The Five Mindfulness Training program was introduced by a modern day Buddhist monk. However, his student popularized and promoted mindfulness as a stress reliever with a health-related approach. As a result, mindfulness is now being used in the treatment of chronically ill patients.
As we mentioned earlier, mindfulness and meditation are different from each other. However, there are cases when they overlap. To better understand this, let's compare them side by side.
Meditation against mindfulness
Meditation is a broad term and includes mindfulness and various other techniques. It is about reaching the ultimate level of awareness and concentration so that the mind can be self-regulated.
In addition, it is also about observing and practicing the virtues of love, patience, compassion and mindfulness. They may have similarities, but there are some aspects of mindfulness that are not necessarily considered meditation.
For example, you can get your mind to focus entirely on one thing like eating, but it is not meditation as it is not formal. However, applying mindfulness to your formal meditation practices is meditation.
One of the many things Buddhism teaches is that if you were fully focused on or fully aware of your breathing would help you meditate faster.
That being said, combining these two ancient practices has advantages. So ideally, there should really be no competition between meditation and mindfulness.
Meditation and mindfulness combined
If you feel like doing something, you might as well do your best to get the most of it, right? In that light, you can actually combine the practice of meditation and mindfulness to reap all of its many benefits.
You can learn to be more mindful in your daily life to relieve stress and improve your mental, spiritual, and physical health. In fact, it is believed that mindfulness practitioners are better able to combat obesity and unhealthy eating habits.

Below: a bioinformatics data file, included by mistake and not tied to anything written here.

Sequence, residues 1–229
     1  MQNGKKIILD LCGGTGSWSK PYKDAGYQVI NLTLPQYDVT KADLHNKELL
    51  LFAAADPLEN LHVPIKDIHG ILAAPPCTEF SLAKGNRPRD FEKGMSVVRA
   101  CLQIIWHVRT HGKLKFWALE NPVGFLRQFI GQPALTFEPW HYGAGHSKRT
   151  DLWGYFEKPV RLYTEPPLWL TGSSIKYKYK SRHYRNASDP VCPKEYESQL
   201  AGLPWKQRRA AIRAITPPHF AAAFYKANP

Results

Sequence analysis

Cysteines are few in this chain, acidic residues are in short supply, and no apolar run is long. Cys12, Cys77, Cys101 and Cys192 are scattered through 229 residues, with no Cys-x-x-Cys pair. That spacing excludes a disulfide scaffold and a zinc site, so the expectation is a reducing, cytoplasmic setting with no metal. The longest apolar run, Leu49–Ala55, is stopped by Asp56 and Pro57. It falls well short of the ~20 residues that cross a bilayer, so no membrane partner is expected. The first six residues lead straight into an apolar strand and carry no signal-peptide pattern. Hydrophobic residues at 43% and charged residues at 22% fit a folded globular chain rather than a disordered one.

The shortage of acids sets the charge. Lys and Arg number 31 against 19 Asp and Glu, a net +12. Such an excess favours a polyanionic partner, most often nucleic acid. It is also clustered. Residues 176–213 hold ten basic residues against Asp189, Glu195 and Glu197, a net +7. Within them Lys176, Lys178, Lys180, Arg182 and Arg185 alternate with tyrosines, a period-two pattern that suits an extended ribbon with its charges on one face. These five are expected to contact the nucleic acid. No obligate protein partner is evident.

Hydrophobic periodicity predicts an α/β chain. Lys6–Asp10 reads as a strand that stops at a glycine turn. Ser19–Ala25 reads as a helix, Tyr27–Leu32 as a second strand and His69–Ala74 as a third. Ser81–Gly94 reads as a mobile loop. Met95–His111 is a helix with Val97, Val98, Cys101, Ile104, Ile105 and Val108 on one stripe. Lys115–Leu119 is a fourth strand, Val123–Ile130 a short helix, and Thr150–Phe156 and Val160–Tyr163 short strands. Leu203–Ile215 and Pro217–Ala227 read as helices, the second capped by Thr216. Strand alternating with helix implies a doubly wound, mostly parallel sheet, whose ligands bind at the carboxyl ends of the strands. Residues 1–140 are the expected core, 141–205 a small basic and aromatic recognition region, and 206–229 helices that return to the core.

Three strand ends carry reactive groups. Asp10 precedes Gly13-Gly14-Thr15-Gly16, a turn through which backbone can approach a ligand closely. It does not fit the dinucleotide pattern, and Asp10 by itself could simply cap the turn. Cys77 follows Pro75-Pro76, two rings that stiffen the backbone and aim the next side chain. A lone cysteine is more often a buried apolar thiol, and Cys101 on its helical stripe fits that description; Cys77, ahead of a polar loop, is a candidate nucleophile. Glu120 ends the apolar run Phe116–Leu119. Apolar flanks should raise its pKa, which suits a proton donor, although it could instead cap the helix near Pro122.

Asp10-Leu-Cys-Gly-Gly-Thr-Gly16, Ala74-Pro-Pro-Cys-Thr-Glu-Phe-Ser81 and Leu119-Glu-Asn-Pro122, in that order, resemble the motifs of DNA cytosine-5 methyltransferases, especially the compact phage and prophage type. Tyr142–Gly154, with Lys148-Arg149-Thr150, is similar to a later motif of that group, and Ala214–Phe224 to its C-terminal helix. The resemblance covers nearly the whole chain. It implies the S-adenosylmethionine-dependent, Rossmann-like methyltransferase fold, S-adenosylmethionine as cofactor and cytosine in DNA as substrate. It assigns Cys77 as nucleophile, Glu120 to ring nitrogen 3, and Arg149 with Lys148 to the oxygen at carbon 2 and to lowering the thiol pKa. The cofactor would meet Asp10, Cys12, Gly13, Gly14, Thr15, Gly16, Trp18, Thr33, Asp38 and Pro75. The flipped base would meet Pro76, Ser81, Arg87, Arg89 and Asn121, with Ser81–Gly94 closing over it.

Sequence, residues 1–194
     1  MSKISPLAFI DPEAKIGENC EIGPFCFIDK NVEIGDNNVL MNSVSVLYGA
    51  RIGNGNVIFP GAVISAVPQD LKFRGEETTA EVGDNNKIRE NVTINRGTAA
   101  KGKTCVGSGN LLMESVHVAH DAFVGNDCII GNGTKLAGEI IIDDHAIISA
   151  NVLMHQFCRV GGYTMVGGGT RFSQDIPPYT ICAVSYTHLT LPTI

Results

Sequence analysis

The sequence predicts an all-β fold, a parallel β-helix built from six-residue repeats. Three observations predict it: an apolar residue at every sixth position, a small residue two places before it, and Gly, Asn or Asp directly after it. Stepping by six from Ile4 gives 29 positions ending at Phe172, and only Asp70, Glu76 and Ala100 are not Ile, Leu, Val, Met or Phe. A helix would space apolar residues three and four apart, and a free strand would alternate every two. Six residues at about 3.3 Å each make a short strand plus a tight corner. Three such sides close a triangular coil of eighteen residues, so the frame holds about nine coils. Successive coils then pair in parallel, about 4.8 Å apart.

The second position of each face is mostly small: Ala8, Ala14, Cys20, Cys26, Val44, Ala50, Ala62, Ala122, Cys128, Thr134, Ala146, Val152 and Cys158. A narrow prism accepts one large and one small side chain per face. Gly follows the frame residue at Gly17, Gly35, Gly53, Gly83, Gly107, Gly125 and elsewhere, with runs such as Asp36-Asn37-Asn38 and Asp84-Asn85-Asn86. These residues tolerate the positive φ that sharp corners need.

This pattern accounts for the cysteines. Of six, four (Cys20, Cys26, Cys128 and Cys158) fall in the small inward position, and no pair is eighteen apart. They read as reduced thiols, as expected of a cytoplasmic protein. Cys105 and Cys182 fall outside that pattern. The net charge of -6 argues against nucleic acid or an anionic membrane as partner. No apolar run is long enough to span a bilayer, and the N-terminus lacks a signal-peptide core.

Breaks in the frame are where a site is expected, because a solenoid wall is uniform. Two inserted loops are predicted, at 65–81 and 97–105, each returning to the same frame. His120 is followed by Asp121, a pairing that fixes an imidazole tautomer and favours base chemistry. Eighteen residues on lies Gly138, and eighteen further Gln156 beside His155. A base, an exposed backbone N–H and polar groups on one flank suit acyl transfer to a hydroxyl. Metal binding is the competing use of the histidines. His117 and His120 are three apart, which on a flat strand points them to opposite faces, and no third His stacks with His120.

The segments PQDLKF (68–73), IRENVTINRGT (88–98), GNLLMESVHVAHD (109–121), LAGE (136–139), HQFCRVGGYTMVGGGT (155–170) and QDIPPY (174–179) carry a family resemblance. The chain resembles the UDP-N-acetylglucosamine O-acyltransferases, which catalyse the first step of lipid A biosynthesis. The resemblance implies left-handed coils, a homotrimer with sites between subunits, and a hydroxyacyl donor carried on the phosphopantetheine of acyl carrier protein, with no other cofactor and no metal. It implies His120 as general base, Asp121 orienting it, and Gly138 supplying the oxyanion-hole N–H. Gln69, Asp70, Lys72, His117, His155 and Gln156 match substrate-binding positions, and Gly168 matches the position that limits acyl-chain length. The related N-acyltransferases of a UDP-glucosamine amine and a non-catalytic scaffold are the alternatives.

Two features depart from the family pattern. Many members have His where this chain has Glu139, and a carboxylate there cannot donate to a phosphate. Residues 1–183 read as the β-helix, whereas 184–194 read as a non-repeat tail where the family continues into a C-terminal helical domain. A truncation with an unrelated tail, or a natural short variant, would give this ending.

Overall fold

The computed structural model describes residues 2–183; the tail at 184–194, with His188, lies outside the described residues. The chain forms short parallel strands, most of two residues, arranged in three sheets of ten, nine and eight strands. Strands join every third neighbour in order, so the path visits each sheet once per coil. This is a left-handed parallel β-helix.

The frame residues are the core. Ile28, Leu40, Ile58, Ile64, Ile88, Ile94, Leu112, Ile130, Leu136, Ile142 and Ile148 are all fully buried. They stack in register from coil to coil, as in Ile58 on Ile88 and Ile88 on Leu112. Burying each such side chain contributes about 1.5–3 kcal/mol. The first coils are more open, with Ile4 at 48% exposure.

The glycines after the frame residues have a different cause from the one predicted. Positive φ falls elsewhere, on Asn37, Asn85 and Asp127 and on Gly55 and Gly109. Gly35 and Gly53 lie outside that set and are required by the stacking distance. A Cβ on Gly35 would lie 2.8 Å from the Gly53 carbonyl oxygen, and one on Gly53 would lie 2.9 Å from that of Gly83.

In addition, mindfulness practitioners also experience an improvement in sleep quality and focus. They are also less likely to suffer from anxiety and depression.
These are just some of the benefits of practicing mindfulness. We all know that meditation helps a person relax and develop self-awareness and self-love. So imagine you combine the two?
Meditation is seen as a way to transform the mind and free it from outside distractions. Mindfulness, on the other hand, is when you are aware of your current state. Hence they are two different things. However, there are times when they overlap.
The truth is that people can actually practice mindfulness without consciously practicing meditation. Mindfulness meditation is probably one of the most popular types of meditation in which you focus entirely on a single object.
While both meditation and mindfulness seem like practices that you would like to embody in your daily life for true health and spiritual benefits, you may need to attend a teacher-led course in person. This way, you can learn valuable techniques from certified teachers.
The path to learning meditation and mindfulness can be a bit challenging. However, as the experts have advised, you need to focus on paying attention in order to have a stable stepping stone for improving your meditation experience.